HOW MINOR WERE the announced upgrades at Apple’s annual developer conference keynote? Enough that the long-maligned Stocks app got three distinct mentions onstage. Yes, the upcoming iOS 12 will get fancy new augmented reality tricks. MacOS Mojave will introduce an attractive “dark mode.” But on the whole, it was one of the sleepiest WWDC events in years.
Good. It’s not that Apple couldn’t use more blockbuster features; the more the merrier. But recent history has shown cramming every major update into one annual release no longer works. After a particularly rough stretch of high-profile bugs and security failures, Apple appears to have prioritized the basics in its 2018 releases. You’ll be glad it did.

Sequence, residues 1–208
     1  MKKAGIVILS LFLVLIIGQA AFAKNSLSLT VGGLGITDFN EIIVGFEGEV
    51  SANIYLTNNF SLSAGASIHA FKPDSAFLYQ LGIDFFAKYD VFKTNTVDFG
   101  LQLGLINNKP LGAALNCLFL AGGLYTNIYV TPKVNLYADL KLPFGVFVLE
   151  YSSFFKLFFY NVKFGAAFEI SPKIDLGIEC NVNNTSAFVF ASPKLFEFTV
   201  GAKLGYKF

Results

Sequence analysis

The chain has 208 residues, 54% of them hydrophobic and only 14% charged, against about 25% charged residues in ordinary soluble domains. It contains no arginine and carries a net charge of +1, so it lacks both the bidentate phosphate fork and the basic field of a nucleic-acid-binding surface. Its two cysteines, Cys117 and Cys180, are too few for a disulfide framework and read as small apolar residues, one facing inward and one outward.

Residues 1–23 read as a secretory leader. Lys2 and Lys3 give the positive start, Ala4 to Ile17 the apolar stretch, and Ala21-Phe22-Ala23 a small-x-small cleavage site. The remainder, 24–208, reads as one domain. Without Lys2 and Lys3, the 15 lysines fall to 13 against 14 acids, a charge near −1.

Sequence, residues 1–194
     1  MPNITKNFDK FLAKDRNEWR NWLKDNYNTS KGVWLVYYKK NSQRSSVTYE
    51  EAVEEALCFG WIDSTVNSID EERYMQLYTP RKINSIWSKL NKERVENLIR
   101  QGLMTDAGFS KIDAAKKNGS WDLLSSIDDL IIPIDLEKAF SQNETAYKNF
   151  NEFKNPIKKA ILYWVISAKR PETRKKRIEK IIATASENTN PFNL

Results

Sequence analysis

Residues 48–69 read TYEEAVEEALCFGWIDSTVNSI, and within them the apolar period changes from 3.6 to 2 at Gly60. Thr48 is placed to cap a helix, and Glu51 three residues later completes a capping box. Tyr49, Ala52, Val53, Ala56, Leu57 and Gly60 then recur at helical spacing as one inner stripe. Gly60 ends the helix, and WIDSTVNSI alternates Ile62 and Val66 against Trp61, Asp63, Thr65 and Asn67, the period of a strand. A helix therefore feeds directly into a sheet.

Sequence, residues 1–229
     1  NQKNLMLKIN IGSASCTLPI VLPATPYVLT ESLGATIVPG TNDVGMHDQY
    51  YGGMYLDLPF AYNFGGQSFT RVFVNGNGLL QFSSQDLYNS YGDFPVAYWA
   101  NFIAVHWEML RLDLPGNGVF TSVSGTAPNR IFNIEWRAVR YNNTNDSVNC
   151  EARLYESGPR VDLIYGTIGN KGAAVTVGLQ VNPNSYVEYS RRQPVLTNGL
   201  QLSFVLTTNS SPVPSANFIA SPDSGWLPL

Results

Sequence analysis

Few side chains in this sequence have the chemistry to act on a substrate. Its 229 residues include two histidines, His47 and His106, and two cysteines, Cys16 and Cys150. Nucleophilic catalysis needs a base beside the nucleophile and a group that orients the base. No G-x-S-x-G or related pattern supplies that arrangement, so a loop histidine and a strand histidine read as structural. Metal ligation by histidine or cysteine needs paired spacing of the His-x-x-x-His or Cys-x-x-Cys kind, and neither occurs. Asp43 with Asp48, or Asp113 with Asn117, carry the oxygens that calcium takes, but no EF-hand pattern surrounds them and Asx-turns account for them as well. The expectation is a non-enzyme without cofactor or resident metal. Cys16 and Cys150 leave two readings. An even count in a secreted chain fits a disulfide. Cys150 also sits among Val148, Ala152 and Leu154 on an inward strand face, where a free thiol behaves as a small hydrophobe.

All software has bugs. But the last year and a half have proven particularly fraught for Apple. MacOS High Sierra, announced at last year’s WWDC, saw more than its share of alarming incidents. Two critical bugs after its launch last September, both fixed within 10 days, put user credentials at risk. Another, revealed in November, allowed anyone to gain root control of a High Sierra computer simply by typing the word “root.”. Apple fixed that one within a day—and introduced new bugs in the process.
For a company that rightly prides itself on its privacy and security bona fides, the rash of incidents elicited a rare message of contrition. “We greatly regret this error and we apologize to all Mac users, both for releasing with this vulnerability and for the concern it has caused,” the company said in a statement at the time. “Our customers deserve better.”